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Friday, July 24, 2009

JBS Swift Sinks Greeley's Goodship Lollipop

JBS Swift is doing the public thing, according to the Drovers Article below, in order to raise the capital to expand their holdings. So bye, bye, Mom and Pop's, and anything in between small and mega multi-nationals. And they aren't being the least shy about it.

Economics 101 Greeley. Bad. Really bad for the consumer. JBS Swift also tells the public they are going direct to the consumer with their packaged products. Bye, bye, distributors and retailers. Your profit just went from Titantic to a small boogie-board size. Mass factory produced, factory slaughtered, fresh food at your nearest grocer. What's wrong with that tag line?

JBS Swift is all over the world and still expanding. Brazil apparently has a whole lot of land doing nothing and JBS Swift wants to take advantage of it at the expense of their competition and eventually, I'd argue, the consumers. Originally a much smaller company than their acquisition (Swift) the new and questionably improved JBS Swift has yet to prove, from my interpretation of the material cited below, that they can manage this expansion responsibly.

That might not be so risky were they in textiles. But they are not in the business of textiles. They are in the business of putting meat on your family's table every night. And they apparently would like to limit the opportunity of other businesses to do the same.

Bigger is not necessarily better in the fresh and frozen food system. One example of a drawback for the consumer; the farther away you get from the means of production the more the consumer pays for the fuel to transport this company all over the world. A hub and spoke model works for Southwest Airlines. It is a question on how long it will continue to work for JBS Swift as factory food production becomes more inclined to create a questionable product.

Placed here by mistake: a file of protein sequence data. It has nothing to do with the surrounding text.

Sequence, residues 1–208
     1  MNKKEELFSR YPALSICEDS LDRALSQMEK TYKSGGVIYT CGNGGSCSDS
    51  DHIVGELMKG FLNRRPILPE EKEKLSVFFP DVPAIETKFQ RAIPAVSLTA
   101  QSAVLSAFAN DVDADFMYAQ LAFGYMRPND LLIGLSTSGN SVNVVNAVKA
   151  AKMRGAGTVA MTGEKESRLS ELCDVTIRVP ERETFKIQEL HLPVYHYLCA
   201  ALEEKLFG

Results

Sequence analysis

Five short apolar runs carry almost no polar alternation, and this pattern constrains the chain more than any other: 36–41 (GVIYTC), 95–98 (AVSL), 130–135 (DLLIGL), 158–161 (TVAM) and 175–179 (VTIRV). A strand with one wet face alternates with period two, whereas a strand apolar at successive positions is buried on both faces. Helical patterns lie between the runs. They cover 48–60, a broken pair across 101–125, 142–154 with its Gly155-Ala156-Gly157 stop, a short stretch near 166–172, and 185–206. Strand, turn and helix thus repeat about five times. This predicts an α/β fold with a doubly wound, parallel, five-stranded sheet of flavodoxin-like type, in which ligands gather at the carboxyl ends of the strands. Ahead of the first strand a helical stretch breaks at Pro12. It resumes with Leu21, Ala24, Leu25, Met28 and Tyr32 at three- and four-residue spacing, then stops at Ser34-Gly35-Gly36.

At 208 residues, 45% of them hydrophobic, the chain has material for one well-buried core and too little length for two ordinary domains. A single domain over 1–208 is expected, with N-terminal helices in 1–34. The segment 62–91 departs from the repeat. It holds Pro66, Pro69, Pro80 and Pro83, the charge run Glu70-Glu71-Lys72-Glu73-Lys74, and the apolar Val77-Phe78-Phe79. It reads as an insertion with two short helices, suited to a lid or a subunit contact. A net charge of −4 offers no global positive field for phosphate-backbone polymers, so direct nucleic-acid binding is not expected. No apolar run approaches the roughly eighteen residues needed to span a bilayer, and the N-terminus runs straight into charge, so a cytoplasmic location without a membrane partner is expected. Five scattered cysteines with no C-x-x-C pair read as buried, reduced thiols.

Couple this ambition with Charlie Chaplin's satire on production line mentality in Modern Times and suddenly it isn't so humorous any longer. Every country has a different set of regulations for businesses to cope with and different social and political restraints on bribery, corruption, and monopolies. This is a Brazilian owned firm and the list of questionable practices of JBS Swift doesn't seem to have produced any progressive restructuring or reorganization on what they are willing to do in the name of profit and/or the erosion of ethical practices by general American public standards.

Currently, facing the expansion, overcapacity issues and cutbacks in consumption due to the economy, JBS Swift also has every incentive to push ranchers harder on prices and increase imports from that rosy land in Brazil. Once the market consolidates even more the ranchers aren't going to have much bargaining room. So why is this bad for consumers in the long run? Remember competition is a good thing for consumers and a healthy democracy. It looks to me like the strategy is to consolidate the industry so they become price setters rather than price takers. Good for the willing investors bad for the rest of the consuming nation.